You would be forgiven if you didn’t realize that the World Athletics Championship, the global track and field competition, happened in Doha at the end of September. While many armchair fans only tune in to pay attention track and field every four years, these elite athletes certainly don’t stop working their hardest between Olympic games. But now, two of these athletes and moms are making headlines for their remarkable achievements in the championship.
Allyson Felix, an American track and field sprinter and Olympian, first made history on Sunday when she became the runner with the most gold medals in the championship’s history. She was formerly tied for the most gold medals with Usain Bolt, who had won eleven prior to his retirement. Felix clenched her twelfth gold in a mixed-gender 4×400 meter relay. An awesome achievement for anyone, but Felix’s achievement is made even more remarkable by the fact that she won it only 10 months after giving birth to her daughter, Camryn, via C-section.
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Felix also made headlines for being a mother and an athlete back in May when she wrote in The New York Times about Nike slashing her sponsorship money by 70% following her pregnancy. In July, Felix announced a new partnership with Athleta, where her role as a mother is front and center. “I’m excited also to start thinking about my legacy and what I want to leave behind,” she told SheKnows at the time. “I hope I can be an example to women — especially to women in sports — that they can do things differently than they’ve been done in the past.”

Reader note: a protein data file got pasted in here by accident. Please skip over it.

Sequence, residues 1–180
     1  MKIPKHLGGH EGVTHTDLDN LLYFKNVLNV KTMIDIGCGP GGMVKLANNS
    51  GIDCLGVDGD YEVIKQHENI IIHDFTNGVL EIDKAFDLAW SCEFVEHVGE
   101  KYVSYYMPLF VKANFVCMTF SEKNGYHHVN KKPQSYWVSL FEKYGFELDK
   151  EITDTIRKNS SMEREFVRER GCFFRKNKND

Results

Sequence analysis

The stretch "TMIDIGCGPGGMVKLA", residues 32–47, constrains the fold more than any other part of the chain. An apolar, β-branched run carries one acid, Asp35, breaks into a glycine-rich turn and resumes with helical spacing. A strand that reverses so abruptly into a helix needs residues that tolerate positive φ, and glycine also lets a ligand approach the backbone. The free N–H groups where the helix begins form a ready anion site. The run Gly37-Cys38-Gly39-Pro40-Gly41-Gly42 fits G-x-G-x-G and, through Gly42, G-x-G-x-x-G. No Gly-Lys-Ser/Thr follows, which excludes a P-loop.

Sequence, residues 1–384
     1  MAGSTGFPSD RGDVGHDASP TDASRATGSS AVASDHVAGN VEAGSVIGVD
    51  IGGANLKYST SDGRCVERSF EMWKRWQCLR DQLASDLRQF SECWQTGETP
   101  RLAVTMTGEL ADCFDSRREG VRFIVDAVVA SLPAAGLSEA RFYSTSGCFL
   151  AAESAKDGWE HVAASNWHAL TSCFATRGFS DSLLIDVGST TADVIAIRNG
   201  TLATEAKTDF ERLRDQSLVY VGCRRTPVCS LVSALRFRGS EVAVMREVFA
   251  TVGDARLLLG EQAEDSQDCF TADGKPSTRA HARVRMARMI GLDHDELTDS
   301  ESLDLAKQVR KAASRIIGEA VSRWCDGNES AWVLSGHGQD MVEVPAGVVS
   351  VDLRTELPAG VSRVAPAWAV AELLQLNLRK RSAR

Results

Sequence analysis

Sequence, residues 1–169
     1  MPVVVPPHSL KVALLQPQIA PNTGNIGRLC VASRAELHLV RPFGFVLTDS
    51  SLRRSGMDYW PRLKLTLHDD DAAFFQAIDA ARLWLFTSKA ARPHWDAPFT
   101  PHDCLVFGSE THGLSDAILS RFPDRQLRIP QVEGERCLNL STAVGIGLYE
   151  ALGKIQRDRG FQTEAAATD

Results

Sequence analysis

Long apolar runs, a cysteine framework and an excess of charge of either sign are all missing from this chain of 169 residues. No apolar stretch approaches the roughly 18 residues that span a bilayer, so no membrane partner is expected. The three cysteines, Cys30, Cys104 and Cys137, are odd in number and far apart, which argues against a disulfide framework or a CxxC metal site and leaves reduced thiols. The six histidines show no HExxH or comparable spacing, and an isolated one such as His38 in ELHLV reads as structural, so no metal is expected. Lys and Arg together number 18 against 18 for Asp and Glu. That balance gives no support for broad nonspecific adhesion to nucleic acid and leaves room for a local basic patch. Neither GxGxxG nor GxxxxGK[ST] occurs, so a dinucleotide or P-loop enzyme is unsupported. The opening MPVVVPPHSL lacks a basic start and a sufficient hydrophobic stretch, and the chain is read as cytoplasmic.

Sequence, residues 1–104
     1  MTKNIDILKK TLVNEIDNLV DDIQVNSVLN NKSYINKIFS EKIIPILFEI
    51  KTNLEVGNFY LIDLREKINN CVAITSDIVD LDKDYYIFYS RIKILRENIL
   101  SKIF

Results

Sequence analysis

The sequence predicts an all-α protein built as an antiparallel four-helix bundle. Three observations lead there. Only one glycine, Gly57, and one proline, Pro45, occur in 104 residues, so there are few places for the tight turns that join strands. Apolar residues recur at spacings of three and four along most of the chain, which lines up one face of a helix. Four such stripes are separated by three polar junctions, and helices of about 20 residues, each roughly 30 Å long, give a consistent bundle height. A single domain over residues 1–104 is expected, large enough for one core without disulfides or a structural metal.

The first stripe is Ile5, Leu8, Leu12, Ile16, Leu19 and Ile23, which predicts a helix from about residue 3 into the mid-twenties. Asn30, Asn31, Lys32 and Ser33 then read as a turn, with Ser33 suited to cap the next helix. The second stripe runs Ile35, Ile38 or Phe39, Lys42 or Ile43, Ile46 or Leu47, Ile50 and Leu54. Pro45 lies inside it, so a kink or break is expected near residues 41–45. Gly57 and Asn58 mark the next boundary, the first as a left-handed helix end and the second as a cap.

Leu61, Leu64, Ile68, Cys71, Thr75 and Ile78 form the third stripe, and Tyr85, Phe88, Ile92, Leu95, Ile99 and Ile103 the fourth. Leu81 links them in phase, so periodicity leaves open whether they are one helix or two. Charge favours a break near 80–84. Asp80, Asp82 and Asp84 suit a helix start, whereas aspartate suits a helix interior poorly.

Soon after Felix’s gold medal-winning race, another mom made history. Shelly-Ann Fraser-Pryce, a sprinter and Olympian from Jamaica, became the oldest woman and first mom to win a world title in the 100-meter sprint. The 100-meter sprint is the shortest distance race, making it the race where athletes run the fastest. Winning the 100-meter sprint, therefore, has made Fraser-Pryce the fastest woman alive.
Shortly after winning the sprint, she was joined on the track by her two-year-old son, Zyon. As CNN reports, the only other runner who came close to challenging Fraser-Pryce was 23-year-old Dina Asher-Smith, from Great Britain. To give you a sense of how fast they were running, second place was fast enough for Asher-Smith to break the current British record but not beat Fraser-Pryce.
Fraser-Pryce is also thinking about what her legacy can mean for future generations of athletes. “I am even more grateful for those girls who will come after me or the women who are still holding their own and working on their greatness in their own way and never trying to be anyone but themselves,” she wrote on Instagram.
In addition to being role models for future athletes and moms, the two women are there for each other. Felix told NBC Sports that she has spoken a lot with Fraser-Pryce, and is in awe of her. “I mean, she’s better than ever. … She’s leading the way,” she said, before adding that Fraser-Pryce has also been encouraging her as she got back to running as well. Given the reception these women are getting after their historic wins, their cheering sections just got a whole lot bigger.